It may take much longer than any of us hope or expect, but the COVID-19 menace will pass.
When it does, what are some ways to make sense of what’s happened and then think about a better tomorrow?
Let’s start with some painful truth. As individuals who make up societies, organizations, busineses and countries, we dislike uncertainty and ambiguity. We want black and white answers with probabilities attached. We want A/B-tested outcomes, algorithms that eliminate gray areas, and AI-driven scenarios that allow us to sleep at night knowing that we’ve done all we can to control ROI. That's where we were all headed, wasn't it? Until the day that something completely unforeseen derailed all those meticulous plans.
And now, without knowing how this story ends, how can a business plan ahead? Should we just throw up our hands and resign ourselves to doom and gloom?
I think not.
Beware absolute statements: the need for some critical thinking
It all starts with taking deep breaths and using one of the greatest gifts we have in high-uncertainty situations: the ability to think critically. This includes asking deeper questions about what you read in the news cycle: at the very least, stop consuming absolute numbers about what’s happening and try to get a percentage-based sense of the damage being done.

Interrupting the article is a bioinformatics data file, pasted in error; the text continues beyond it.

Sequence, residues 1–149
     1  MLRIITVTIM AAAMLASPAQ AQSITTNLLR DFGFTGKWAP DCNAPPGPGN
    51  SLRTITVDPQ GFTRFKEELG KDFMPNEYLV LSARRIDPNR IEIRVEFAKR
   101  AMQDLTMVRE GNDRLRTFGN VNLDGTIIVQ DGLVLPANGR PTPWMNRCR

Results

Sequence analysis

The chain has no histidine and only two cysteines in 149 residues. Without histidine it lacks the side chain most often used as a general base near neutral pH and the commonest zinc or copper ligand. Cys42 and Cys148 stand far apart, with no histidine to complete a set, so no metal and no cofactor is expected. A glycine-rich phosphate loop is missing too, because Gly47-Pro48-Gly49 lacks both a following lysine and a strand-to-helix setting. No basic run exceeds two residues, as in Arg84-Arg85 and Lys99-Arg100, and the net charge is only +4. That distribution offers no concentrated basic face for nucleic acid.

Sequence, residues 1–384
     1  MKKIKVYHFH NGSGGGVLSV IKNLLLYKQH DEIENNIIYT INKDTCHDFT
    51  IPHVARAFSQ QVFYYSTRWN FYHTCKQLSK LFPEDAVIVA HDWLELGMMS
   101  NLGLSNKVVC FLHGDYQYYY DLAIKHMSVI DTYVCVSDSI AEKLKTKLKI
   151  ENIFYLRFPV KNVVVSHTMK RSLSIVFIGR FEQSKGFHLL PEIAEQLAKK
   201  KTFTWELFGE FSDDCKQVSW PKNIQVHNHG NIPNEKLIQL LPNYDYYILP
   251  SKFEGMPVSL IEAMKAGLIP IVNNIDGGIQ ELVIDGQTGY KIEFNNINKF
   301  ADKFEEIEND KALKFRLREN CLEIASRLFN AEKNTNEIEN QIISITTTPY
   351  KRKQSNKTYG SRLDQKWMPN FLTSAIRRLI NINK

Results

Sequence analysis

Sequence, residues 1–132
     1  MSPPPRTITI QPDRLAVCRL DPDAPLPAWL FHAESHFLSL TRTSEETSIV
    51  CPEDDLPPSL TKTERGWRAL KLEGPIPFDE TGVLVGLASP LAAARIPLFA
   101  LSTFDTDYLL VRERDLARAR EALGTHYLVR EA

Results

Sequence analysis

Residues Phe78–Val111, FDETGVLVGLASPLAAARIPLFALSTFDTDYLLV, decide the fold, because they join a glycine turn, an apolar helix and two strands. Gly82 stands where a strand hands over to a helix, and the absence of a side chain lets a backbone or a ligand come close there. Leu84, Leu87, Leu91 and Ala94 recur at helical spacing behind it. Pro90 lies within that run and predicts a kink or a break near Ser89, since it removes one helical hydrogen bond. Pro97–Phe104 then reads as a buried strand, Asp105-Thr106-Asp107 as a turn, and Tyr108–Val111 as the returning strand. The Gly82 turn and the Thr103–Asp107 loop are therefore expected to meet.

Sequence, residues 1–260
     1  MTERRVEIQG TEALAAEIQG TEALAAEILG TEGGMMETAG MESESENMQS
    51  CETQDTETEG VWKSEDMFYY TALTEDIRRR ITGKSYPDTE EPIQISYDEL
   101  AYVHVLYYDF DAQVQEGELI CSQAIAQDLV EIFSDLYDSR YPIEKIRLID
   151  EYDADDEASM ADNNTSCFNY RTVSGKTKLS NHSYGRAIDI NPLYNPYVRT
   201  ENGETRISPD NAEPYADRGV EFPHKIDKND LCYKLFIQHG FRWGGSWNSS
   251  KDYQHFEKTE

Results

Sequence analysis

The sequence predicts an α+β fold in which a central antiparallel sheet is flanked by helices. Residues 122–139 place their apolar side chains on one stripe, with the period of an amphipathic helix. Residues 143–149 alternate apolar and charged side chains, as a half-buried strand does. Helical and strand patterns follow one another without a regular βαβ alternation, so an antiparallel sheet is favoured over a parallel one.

Next, let’s apply a bit of critical thinking to technology and the globalized economy. You might have heard that the coronavirus lock-down heralds the end of globalization, the end of working in offices, the end of classroom-based learning, and so on. It is dizzying to make sense of all these major changes on top of figuring out how to manage working from home, keeping kids engaged and then planning for a post-globalized virtual world where we are tele-ported around by Siri.
The magnitude of the COVID-19 shock will for certainly result in changes. Again, though, what those might look like is fundamentally uncertain - especially when it comes to technology.
If you don’t believe me, take a trip back two decades and see what futurists were predicting. Most were wildly off. And at the risk of sounding cliché, the only certainty at this moment is that lots will change, but lots will also remain the same.
Technological change is a given, but what that change might look like will vary massively from country to country, from market to market. The same is true with practices like working from home. It may be a novel concept for some, but it has been practiced for a long while at some progressive organizations. Even then, it didn't mean we all worked from home virtually 100% of the time.
Globalization has always gone through peaks and troughs. We may call it by different terms, but the movement of people, ideas, and finances goes back to ancient times and will continue, albeit in a modified fashion.
So remember: human beings are very bad at making predictions. Our biases and vested interests always cloud our views. So don’t get caught up trying to predict the future. Understand the landscape clearly. Then start planning.